Factors like periodontal disease, ill-fitting dentures and tobacco use, among others, can increase your chances of gum recession, he says.

3. You Grind Your Teeth

Teeth grinding, also known as bruxism, is a common habit that can hamper your oral health.

"The pressure applied to teeth when grinding can cause fractures in existing fillings and in the teeth themselves, making them more susceptible to cavity formation," Dr. Mitola says. Grinding also causes gum recession, which, as we already know, can raise your risk of developing dental decay. "Night guards—that are worn while sleeping—can be an effective way to minimize the negative effects of teeth grinding," Dr. Mitola says.

4. It's Your Diet

"Despite good oral health habits like brushing and flossing regularly, a poor diet will often lead to the development of dental decay," Dr. Mitola says. 

You probably already know that sugary foods like juices, sports drinks, soda, candy and cereals can contribute to cavities. But Dr. Mitola says there are other types of foods that are bad for your teeth because they may increase your chances of developing tooth decay too, including:

  • Highly acidic foods: When you have them often, foods with a high acid content (think: carbonated drinks like soda or seltzer, and tomato sauce) can cause tooth erosion, triggering the breakdown of enamel.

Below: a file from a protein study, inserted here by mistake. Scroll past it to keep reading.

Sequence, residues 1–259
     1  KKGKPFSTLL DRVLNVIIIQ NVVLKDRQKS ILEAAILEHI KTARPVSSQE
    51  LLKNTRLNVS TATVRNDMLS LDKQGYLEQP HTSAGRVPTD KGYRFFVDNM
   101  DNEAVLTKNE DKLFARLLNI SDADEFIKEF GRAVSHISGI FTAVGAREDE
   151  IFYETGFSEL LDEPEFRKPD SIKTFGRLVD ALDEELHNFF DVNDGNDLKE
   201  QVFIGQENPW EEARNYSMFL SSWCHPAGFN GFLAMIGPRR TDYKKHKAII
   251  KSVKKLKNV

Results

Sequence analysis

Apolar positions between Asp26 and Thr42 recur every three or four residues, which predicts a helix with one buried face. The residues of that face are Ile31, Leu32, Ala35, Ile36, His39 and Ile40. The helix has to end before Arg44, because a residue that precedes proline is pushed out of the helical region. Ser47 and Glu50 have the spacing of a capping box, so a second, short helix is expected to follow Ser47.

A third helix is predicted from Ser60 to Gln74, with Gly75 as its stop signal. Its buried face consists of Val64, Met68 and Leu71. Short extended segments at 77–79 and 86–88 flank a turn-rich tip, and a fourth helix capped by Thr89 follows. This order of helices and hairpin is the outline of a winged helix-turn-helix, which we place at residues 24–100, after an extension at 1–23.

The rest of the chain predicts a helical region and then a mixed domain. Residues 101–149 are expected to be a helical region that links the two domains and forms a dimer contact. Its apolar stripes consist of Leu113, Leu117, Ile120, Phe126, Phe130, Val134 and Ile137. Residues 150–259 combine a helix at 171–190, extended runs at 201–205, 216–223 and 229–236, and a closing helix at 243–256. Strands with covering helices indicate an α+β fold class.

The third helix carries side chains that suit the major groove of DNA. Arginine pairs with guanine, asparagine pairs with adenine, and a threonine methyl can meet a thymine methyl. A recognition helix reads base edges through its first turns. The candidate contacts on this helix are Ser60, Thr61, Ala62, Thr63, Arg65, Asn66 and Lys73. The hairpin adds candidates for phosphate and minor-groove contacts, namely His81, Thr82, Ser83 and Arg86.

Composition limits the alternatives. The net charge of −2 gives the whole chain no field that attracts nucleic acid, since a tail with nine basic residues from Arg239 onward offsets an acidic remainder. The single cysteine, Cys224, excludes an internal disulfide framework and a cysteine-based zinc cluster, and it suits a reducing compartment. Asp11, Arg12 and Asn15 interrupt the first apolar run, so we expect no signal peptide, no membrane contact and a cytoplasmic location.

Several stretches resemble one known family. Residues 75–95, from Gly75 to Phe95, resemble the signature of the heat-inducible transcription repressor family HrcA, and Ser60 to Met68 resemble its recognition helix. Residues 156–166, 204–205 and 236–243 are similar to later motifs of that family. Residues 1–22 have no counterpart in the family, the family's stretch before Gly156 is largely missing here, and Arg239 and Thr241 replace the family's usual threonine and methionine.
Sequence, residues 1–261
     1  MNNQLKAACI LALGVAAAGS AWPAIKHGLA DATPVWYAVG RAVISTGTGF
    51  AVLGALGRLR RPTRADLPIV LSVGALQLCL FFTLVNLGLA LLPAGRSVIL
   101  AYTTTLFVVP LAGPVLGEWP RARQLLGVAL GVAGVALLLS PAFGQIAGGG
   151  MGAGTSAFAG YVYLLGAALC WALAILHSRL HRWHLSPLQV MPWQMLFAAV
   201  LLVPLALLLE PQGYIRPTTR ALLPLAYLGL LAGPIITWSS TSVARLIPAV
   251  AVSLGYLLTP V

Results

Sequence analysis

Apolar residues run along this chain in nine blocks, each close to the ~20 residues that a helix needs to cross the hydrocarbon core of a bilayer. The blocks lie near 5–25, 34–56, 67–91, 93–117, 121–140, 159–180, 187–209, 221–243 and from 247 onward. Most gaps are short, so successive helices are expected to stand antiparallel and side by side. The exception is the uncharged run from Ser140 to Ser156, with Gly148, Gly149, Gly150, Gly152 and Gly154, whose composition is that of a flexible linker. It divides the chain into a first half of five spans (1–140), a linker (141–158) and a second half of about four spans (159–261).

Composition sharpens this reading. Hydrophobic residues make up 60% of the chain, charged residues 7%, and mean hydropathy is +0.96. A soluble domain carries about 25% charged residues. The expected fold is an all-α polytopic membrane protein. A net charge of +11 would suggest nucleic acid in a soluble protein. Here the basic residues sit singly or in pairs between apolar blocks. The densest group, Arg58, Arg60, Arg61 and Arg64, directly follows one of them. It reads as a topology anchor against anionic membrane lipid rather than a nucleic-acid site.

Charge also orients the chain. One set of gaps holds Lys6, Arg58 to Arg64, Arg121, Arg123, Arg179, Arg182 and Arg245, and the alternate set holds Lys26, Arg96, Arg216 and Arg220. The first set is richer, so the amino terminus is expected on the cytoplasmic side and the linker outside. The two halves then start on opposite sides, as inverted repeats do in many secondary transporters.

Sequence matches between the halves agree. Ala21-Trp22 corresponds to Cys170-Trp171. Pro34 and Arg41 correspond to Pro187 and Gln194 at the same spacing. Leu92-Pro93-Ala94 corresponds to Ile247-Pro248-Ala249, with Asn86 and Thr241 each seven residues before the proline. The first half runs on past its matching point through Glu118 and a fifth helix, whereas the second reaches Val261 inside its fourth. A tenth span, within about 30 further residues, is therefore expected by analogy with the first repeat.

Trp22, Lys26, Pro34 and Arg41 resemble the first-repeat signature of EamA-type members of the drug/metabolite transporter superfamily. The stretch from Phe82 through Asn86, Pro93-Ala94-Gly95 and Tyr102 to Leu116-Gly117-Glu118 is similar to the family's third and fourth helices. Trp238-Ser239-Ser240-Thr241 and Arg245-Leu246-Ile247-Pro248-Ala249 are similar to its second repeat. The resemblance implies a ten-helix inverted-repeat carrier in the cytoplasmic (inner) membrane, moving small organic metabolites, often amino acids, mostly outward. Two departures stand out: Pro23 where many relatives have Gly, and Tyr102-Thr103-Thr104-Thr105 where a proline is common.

• Sticky foods: From peanut butter to dried fruit, sticky foods can get, well, stuck in the chewing surface of your teeth, which increases exposure time and the likelihood of developing cavities. 
  • Starchy foods: Refined carbohydrates like pasta, white bread and potatoes break down into sugar when exposed to the bacteria in your mouth.


You don't have to avoid these foods completely, but consider limiting them in your diet if you're prone to cavities. And when you do eat them, try to clean your teeth as soon as possible afterward.

5. You've Got Dry Mouth

"People with chronic dry mouth may be at a higher risk for tooth decay because they do not produce enough saliva, which naturally rinses off teeth," Dr. Mitola says. Because dry mouth is often the side effect of another health-related issue, it's important to speak with your doctor or dentist who can help you identify the underlying cause. To ease the discomfort of dry mouth in the meantime, you can use alcohol-free mouthwashes and lozenges that help keep the mouth moist, Dr. Mitola says.